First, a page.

SPRINGFIELD – April 23, 2009. Governor Pat Quinn today announced that 11 of the state historic sites closed late last year are reopened to the public. At the Dana-Thomas House in Springfield, Governor Quinn welcomed the first visitors to the site in more than four months.
“As our children prepare for the future, it is important to teach them about the past.” said Governor Quinn. “By visiting our historic sites, families can learn about the Land of Lincoln’s rich history and support our local economies.”
Earlier this month, the General Assembly passed a $1.6 million supplemental appropriations bill to support the re-hiring of all 33 Illinois Historic Preservation Agency (IHPA) employees who were laid off when the historic sites closed. The bill also merged IHPA and the Department of Natural Resources, effective July 1.
Governor Quinn praised the organizations and communities that supported reopening of the historic sites after the decision had been made to close them. They include: the City of Bloomington, the David Davis Mansion Foundation, the City of Vandalia, the Vandalia Old Capitol Foundation, and the Illinois Abraham Lincoln Bicentennial Commission.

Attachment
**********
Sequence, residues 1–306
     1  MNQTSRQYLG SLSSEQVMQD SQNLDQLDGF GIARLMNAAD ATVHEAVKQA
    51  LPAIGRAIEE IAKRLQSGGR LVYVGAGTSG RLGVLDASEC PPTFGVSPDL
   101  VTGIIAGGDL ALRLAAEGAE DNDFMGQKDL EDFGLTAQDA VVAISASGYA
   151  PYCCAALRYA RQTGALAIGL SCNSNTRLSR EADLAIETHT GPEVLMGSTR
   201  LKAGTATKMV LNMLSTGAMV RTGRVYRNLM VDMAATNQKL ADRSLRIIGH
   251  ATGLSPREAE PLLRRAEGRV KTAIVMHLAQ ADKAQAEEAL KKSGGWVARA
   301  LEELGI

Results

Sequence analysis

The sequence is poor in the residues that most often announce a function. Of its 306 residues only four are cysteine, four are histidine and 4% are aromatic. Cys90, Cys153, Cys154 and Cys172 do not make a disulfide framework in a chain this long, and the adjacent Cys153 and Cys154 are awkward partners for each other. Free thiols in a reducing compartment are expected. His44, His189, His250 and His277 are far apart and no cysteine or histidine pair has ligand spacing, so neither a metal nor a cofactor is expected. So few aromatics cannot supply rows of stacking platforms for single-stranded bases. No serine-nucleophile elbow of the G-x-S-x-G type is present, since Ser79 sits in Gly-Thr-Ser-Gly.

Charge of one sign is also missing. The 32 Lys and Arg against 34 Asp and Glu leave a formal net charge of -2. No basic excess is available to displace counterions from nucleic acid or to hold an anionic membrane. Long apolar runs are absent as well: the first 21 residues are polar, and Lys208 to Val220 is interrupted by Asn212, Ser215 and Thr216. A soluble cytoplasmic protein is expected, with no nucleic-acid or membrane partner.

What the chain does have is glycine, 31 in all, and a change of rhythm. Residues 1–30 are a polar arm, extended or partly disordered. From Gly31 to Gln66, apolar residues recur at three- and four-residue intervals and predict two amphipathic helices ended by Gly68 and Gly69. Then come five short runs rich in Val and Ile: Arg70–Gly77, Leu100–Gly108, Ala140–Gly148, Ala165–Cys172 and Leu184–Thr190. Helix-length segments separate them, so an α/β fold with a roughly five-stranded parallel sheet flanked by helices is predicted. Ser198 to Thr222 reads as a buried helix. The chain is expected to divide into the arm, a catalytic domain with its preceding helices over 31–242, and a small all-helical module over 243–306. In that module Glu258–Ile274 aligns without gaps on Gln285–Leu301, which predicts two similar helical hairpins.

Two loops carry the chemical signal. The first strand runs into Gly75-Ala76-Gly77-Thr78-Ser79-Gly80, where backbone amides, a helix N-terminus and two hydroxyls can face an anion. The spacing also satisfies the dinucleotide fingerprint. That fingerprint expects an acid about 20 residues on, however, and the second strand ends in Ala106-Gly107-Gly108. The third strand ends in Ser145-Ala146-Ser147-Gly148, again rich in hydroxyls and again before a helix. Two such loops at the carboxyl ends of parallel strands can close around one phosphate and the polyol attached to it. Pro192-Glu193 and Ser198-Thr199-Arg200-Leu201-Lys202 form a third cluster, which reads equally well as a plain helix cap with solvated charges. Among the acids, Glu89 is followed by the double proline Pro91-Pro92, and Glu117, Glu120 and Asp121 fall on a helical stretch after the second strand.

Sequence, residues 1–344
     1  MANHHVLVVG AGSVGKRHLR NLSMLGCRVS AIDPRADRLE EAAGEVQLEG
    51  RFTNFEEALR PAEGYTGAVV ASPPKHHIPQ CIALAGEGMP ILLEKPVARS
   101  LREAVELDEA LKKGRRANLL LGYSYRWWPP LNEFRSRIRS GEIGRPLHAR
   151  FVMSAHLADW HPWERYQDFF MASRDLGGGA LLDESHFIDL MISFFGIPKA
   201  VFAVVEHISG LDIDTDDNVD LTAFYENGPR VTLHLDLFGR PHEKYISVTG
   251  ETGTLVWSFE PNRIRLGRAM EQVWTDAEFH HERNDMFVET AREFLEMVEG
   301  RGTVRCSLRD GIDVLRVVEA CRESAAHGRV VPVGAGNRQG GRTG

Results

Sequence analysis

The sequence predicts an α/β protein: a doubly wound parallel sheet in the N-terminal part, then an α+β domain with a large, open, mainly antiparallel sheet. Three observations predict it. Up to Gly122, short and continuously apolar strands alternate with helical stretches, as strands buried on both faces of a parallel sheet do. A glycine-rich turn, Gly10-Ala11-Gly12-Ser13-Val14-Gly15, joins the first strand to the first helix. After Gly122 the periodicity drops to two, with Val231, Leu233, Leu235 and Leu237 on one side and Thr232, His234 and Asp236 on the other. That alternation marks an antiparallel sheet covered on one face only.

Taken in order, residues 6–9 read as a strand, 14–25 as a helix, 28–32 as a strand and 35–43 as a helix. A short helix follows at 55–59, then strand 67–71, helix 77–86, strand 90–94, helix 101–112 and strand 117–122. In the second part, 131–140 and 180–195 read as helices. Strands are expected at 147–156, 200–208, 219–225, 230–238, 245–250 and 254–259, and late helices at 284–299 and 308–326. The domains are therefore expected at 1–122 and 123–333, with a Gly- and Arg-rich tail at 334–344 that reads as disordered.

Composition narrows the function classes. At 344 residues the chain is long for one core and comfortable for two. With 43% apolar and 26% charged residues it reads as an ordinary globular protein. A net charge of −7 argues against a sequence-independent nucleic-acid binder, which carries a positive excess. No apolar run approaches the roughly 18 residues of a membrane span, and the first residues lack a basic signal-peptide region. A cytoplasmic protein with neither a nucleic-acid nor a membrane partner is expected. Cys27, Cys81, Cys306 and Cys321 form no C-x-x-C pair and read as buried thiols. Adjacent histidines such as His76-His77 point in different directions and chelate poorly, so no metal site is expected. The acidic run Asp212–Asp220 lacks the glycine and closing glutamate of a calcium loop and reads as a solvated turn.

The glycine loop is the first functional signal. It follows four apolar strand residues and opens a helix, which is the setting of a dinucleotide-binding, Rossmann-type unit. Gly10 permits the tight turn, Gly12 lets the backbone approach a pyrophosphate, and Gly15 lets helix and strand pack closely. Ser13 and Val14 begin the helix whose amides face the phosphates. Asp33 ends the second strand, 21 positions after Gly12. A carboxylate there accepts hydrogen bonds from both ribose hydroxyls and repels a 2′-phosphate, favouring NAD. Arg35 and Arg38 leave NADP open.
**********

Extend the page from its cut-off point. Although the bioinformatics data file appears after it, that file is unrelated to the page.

The following historic sites will reopen today and most will resume a five day per week schedule:
- Apple River Fort, Elizabeth
- Bishop Hill
- Hauberg Indian Museum at Black Hawk State Historic Site in Rock Island
- Cahokia Courthouse, Cahokia
- Carl Sandburg, Galesburg
- Dana-Thomas House, Springfield
- Fort de Chartres, Prairie du Rocher
- Fort Kaskaskia, Ellis Grove
- Pierre Menard Home, Ellis Grove
- Jubilee College, Brimfield
- Lincoln Log Cabin, near Charleston
Governor Quinn was joined by Springfield Mayor Tim Davlin; Jan Grimes, Illinois Historic Preservation Agency Director; Marc Miller, Illinois Department of Natural Resources Director; and Jeff Bigelow, AFSCME Council 31 Regional Director.